The ministry employees added: “Information about the location of individuals detained for opposing the special military operation is limited distribution data, and it is not to be shared with third parties.”

“So, they won’t tell us where he is. We are worried about a person’s life. We have not once seen him in person, we have received no news from him. And a lot of things could’ve transpired in eight months,” Murygina notes.

Furthermore, Ivan is not considered a detainee under the law, because formally, without a court order, a detention can only last up to 48 hours, she says. “Or there could be a court order, but that would mean that he had been charged with some wrongdoing, an administrative or criminal one. But if he was being charged with something, we would’ve been told about it,” she adds.

Murygina notes that in its response, the Defence Ministry refers to the Geneva Conventions articles on treatment of POWs. However, Ivan is a civilian, not a POW, so this Convention does not apply to him. “Also, this Convention plainly states that a person’s family has to be notified about their capture and location no later than a week after the fact. Even if he were a prisoner of war, this is still a violation of the Geneva Conventions,” Murygina explains.

According to her, civilians are mainly captured on the occupied territories of the Donetsk and Luhansk regions of Ukraine. However, Ivan was captured on the territory of Russia.

“We’re in contact with human rights defenders who are engaged in similar activities. They also say that it’s atypical for Russia to take civilians captive; usually, when they capture Ukrainians, they try to do so under some procedural form. For example, they accuse them of committing a crime. During wartime, it’s usually extremism or terrorism,” she explains.

In any case, the relatives need to be told where a person is, and they have the right to know that their loved one had been detained, that they are accused of something. A person cannot just disappear without a trace, the relatives have the right to know that this person is, for example, being held in a pre-trial detention centre or a special detention centre, Murygina emphasises.

“We are planning to submit inquiries to the Ministry of Defence and send lawyers to search for Ivan in pre-trial detention centres,” she notes.

“First things first, we need to establish his location.” 

There are two scenarios moving forward, she explains.

The first one — the human rights defenders will be able to make the Russian side see that capturing civilians is a war crime and that all of them, including Ivan, need to be set free. The second — a prisoner swap. During wartime, prisoner exchanges are conducted according to the parity principle. For example, a private can be exchanged for a private, an officer — for an officer.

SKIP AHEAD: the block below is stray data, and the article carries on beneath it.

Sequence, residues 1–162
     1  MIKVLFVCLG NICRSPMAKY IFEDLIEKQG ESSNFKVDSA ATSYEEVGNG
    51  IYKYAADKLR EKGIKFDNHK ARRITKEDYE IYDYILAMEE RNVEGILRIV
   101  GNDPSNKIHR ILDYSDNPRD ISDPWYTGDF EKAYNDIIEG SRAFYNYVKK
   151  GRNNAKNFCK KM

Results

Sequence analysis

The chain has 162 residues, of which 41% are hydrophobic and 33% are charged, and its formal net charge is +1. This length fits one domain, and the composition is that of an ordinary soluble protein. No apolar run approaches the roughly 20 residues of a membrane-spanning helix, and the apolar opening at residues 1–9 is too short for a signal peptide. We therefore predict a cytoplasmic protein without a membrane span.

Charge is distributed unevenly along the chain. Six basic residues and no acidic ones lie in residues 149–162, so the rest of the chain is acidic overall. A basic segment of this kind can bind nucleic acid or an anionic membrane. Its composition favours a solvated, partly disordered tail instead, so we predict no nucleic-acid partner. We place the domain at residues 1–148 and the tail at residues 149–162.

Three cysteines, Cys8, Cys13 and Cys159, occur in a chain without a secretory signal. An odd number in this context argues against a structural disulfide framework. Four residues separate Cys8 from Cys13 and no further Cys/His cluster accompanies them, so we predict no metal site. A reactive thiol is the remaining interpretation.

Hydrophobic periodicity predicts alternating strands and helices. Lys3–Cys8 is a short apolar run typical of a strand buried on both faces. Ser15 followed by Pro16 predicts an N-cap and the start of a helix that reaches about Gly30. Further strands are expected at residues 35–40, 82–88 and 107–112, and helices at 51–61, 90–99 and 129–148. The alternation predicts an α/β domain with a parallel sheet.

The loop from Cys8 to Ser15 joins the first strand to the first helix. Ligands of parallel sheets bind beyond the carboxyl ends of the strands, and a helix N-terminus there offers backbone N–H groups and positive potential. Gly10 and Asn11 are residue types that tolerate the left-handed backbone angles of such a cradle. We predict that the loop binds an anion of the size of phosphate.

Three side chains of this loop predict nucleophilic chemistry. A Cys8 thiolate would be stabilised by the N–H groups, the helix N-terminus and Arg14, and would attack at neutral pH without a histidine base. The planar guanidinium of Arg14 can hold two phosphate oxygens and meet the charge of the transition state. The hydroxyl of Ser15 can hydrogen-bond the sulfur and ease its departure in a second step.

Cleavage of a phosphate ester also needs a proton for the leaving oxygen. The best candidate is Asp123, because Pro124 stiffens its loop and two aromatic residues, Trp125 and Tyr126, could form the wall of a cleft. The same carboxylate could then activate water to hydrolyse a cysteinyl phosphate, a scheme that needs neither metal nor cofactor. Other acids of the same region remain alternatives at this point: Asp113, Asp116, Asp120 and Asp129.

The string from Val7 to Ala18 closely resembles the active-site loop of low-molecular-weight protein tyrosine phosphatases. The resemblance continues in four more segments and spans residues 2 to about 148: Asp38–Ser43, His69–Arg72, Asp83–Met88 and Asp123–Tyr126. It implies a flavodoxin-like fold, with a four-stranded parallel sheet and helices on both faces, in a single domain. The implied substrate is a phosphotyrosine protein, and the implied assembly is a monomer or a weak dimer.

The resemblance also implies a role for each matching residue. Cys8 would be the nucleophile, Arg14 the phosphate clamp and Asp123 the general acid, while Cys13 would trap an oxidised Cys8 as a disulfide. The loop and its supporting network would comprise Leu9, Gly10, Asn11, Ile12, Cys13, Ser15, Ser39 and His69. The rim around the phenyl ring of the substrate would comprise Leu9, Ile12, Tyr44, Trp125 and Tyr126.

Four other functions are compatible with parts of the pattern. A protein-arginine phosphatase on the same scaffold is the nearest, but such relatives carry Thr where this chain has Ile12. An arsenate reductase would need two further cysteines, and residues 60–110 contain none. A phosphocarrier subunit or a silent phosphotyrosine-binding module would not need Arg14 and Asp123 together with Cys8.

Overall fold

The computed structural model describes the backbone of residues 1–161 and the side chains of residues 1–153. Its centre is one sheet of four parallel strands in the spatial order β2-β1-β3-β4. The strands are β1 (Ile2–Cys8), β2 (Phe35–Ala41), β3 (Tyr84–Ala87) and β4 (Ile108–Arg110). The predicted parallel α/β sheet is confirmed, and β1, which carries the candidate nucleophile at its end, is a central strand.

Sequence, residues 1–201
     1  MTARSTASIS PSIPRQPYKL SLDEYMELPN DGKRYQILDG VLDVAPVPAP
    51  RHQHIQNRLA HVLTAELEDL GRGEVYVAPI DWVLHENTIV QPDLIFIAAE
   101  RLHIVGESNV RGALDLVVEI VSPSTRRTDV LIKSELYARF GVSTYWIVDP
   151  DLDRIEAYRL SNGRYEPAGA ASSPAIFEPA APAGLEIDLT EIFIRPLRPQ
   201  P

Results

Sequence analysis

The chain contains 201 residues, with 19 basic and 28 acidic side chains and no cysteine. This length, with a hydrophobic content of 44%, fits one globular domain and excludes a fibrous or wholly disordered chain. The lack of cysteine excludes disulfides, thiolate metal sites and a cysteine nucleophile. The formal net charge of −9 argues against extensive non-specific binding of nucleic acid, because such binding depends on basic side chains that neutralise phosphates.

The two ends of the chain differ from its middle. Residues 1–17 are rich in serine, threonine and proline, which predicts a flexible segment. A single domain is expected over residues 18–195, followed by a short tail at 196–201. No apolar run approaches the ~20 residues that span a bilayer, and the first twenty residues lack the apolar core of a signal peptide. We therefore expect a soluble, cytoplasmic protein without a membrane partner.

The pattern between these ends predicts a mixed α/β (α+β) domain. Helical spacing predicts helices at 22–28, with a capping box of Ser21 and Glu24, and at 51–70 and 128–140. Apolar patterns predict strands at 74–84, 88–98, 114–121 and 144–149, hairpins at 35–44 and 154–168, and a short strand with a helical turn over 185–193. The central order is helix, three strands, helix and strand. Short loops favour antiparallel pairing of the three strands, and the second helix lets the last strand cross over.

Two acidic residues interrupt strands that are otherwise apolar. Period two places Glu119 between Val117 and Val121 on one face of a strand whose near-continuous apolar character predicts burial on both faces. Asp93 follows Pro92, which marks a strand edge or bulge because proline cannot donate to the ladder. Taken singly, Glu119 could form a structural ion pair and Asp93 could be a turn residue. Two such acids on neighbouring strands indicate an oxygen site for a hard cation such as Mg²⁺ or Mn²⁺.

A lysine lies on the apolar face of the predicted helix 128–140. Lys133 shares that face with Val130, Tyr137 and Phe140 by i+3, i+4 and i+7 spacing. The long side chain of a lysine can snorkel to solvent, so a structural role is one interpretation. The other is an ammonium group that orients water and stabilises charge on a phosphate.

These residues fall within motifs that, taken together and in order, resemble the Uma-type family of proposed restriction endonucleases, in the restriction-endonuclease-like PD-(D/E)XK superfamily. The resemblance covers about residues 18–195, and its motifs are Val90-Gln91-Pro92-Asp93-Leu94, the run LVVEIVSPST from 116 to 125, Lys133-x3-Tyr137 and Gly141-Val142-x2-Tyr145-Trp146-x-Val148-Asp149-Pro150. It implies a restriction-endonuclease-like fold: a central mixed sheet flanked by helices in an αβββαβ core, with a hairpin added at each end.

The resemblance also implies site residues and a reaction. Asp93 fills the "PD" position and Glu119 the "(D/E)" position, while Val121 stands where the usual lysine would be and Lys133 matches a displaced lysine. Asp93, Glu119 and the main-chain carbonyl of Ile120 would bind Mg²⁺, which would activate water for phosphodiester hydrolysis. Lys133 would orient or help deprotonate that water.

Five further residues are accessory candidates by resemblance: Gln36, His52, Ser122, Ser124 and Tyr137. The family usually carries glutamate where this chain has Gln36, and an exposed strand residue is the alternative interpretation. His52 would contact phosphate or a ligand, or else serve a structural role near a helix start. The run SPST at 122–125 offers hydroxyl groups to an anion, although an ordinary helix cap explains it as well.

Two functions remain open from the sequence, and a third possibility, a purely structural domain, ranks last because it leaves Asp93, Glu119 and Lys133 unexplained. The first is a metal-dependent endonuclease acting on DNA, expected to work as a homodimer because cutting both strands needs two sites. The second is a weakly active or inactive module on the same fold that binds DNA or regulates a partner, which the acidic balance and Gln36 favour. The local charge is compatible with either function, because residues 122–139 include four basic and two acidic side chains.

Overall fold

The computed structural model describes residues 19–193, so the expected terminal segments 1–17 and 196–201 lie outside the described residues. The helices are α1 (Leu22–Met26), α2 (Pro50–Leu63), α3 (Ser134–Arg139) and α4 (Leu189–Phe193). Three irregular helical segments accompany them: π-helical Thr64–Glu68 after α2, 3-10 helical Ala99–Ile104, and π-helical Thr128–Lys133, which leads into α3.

A civilian can only be exchanged for a civilian, so to achieve this, both sides would have to admit to breaking the law.

“There could be an agreement to exchange Ivan for a private. But in this case, Ivan’s location needs to be discovered, which has not been done. So, the question of where he is the key one right now,” Murygina adds.

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Mykyta Shkryabin, 20. First captured Ukrainian whose case ended up in a Russian court. Location unknown

The Agora human rights group representatives are faced with a similar case. They are helping to locate Mykyta Shkryabin, a 20-year-old third-year student of the Kharkiv Law University. He went missing on 29 March.

Mykyta Shkryabin, photo provided by his mother Tatyana

“He just went outside and never came back,” his mother Tatyana says. “He’s a student, he’s a civilian. He has no relation to any military organisations or Ukraine’s Armed Forces. At the moment of him going missing, he was 19.”

Tatyana has tried everything to find her son.

“There was a rumour that he was taken by Russian soldiers. Eyewitnesses saw them take him away in an unknown direction. 

By April, I had already started searching for him,” she continues. According to Tatyana, she contacted Russia’s Commissioner for Human Rights Tatyana Moskalkova and the International Committee of the Red Cross.

However, there was no official response.

“I only received a call from the International Committee of the Red Cross at the beginning of May. I was told that the Russian Federation confirms my son’s location is in Russia. Then, on 9 May, I received a call from the Office of the Commissioner for Human Rights Moskalkova and was told again that his location is in Russia. I asked whether I could speak with him, see him. I asked what he was detained for. I didn’t receive an answer,” she says.

Afterwards, she contacted Leonid Solovyov, a lawyer for Agora. They discovered that no criminal case had been initiated against Mykyta. However, there was no way to contact him for going on eight months. “The last time I saw my son was on 29 March. Since then, I haven’t seen him, haven’t heard his voice. No one has given me any concrete answers. What for? Why? Where? How?” Tatyana questions.

“Shkryabin is a civilian detained as a prisoner. It’s unknown where he is currently, the Defence Ministry won’t say,” lawyer Solovyov says.